Which brings us to the underground bass movement that has taken the industry by storm over the past couple of years (and especially our lineup, if you look at our festival poster). Sure, political turmoil in our country has led to an increase in social media outbursts across the entertainment industry. I could easily be saying that hip-hop is the new punk, country is the new punk, or even punk is the new punk. But the similarities are too many to dismiss as a widespread epidemic amongst “liberal snowflakes.”

G JonesSonically, the link between classic punk music and left-field bass is most evident. Trade simple 3-chord patterns for thunderous low end; atonal solos for atonal hooks and arrhythmic drums; shouted, hoarse vocals for pitch-shifted samples. The powerful anthems of Sayer and Bleep Bloop are rough, rugged, and raw. Explosive drops, fuzzy distortion, and an aggressive attitude that borders on hardcore punk or metal are the hallmarks of some of the scene's most popular acts. This is angry music, not angsty music. These artists are politically motivated and they want to use their platforms for good.

“First of all, you can't be asking me no questions.” Sounds a bit like Sean Spicer.

Visually, the comparison is less poignant, as no discernable “fashion” has emerged from the underground bass scene, but that may have more to do with the times and technology than anything else. Because fans are able to gather online in virtual spaces and find their niche groups and link up via Facebook, Twitter, and Instagram, it becomes less necessary to attract one's likeminded kin in the physical space through hot pink mohawks, studded tartans, and Doc Martens. While it's not a fashion thing, aesthetically, album covers and show posters are borrowing heavily from punk and metal iconography—Satanism, Orwellian concepts of Big Brother, and anarchic symbols are popping up everywhere. Think about Greg Jones' big eye. We may not be that far off from G Jones fans shoving safety pins through their noses.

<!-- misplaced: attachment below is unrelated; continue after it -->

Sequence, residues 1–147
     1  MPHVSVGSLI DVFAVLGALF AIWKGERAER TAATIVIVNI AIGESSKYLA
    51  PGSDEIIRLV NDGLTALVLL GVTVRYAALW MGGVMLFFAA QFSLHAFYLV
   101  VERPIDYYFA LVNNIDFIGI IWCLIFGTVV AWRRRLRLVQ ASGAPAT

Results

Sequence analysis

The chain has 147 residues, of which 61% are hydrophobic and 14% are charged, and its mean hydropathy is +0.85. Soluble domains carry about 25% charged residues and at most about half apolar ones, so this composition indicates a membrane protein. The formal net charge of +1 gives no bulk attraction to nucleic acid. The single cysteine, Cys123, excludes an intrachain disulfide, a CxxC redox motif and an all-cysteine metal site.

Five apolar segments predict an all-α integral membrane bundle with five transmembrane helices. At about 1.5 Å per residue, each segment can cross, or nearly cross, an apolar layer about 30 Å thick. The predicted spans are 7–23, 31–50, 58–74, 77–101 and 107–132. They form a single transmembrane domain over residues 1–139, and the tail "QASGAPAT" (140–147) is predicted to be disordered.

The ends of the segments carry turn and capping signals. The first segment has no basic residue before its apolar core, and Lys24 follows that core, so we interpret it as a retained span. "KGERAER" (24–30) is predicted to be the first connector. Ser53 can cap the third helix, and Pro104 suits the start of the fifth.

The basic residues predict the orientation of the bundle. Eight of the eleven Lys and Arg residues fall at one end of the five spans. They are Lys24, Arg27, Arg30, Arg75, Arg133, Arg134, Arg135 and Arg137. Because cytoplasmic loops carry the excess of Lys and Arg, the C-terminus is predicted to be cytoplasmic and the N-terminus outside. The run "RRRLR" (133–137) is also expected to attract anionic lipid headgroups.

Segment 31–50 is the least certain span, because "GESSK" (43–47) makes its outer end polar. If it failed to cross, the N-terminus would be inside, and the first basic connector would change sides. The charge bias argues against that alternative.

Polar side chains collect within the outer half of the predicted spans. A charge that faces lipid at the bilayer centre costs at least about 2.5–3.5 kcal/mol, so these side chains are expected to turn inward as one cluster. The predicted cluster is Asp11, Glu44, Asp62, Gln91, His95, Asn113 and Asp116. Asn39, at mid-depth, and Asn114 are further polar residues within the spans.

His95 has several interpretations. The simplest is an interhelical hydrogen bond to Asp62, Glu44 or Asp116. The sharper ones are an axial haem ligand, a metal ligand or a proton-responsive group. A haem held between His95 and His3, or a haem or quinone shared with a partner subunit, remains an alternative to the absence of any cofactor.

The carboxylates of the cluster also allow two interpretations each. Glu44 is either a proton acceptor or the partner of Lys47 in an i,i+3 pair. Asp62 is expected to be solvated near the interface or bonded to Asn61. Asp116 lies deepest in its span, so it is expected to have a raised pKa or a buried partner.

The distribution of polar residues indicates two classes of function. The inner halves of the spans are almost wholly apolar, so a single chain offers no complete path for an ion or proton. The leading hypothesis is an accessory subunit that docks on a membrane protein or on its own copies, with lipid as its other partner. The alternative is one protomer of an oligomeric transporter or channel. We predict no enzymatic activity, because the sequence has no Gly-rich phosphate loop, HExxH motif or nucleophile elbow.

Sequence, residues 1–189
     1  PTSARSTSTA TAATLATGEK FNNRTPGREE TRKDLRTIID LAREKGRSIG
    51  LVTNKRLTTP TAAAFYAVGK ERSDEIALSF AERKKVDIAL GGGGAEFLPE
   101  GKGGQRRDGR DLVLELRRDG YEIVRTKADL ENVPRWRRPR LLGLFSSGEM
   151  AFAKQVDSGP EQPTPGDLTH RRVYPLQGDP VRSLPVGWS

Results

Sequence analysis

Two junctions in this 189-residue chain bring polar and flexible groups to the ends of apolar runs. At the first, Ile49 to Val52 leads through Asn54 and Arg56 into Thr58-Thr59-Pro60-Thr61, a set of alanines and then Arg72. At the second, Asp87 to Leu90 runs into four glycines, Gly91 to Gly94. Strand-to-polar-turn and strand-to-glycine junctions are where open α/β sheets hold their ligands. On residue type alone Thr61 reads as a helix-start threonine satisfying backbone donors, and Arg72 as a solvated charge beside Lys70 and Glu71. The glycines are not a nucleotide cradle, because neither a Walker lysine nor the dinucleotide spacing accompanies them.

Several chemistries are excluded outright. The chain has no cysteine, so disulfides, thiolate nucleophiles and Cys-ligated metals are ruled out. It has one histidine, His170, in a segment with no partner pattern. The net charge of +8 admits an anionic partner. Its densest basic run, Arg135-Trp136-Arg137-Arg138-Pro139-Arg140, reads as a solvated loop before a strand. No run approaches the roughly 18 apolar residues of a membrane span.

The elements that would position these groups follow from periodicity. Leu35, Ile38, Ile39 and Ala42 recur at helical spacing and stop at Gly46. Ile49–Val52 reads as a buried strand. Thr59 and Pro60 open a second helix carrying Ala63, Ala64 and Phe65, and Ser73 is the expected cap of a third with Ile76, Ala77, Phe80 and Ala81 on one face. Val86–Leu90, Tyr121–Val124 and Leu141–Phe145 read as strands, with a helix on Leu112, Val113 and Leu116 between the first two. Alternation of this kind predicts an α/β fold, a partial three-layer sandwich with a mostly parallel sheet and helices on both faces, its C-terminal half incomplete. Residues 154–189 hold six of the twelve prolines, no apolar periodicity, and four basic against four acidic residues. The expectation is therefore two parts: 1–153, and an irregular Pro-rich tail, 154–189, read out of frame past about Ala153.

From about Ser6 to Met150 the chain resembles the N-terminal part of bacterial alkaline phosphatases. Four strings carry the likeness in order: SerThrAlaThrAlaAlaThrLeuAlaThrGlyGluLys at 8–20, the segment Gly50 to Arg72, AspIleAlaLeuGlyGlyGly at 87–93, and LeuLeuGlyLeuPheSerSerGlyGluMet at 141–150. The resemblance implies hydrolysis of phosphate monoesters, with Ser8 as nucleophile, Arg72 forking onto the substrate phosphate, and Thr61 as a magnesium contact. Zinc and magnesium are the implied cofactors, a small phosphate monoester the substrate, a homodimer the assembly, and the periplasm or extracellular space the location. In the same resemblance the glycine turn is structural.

On the subject of internet safe spaces and the various political “echo chambers” most of us lock ourselves in on social media, you'd think that making a political statement to one's own fans is hardly a bold move in 2017.

You'd be wrong. Just ask Jasha Tull, a.k.a. Space Jesus, who last week posted what would be an innocuous statement by any modern standards on his own Facebook fan page. While most reveled in the anti-Trump post, there was some surprising negative feedback, some by ardent Trump supporters, and some by those who are either exhausted by political posts or those who feel that politics has no place in music (arguably, a much more terrifying sentiment than political apathy or fatigue).

The next generation of bass music stars is already on its grind, whether it's Ethan Glass, who just this week dropped his fiery rebuke of police brutaity “Oink Oink BANG BANG” or the more mainstream dubstep star MUST DIE! whose opus “Resist” was accompanied by a visceral repudiation of the president. Veteran industry artists have paved the way for younger acts to become more politically motivated. EPROM was donating the proceeds from his Bandcamp album sales to Planned Parenthood long before the entire platform devoted all its profit on January 31, 2017 to the ACLU.

The concept of separating music, and more generally, art from politics flies in the face of centuries of discourse via all types of media: books, movies, television, painting, sculpture, and more. The arts have been central to nearly all political movements in recent memory. It is and always will be a safe space for the discussion of popular and unpopular ideas—and not the kind of safe spaces the alt-right bemoans.

Whether today's weird bass elite carry the banner punks held high nearly half a century ago, willingly or not, they will continue to instill in their music the message of its producers—they will continue to sneer in the face of racism, xenophobia, homophobia, and misogyny. Just like the punks before them.

Tags: DubstepElectronicaGlitchHip HopTrap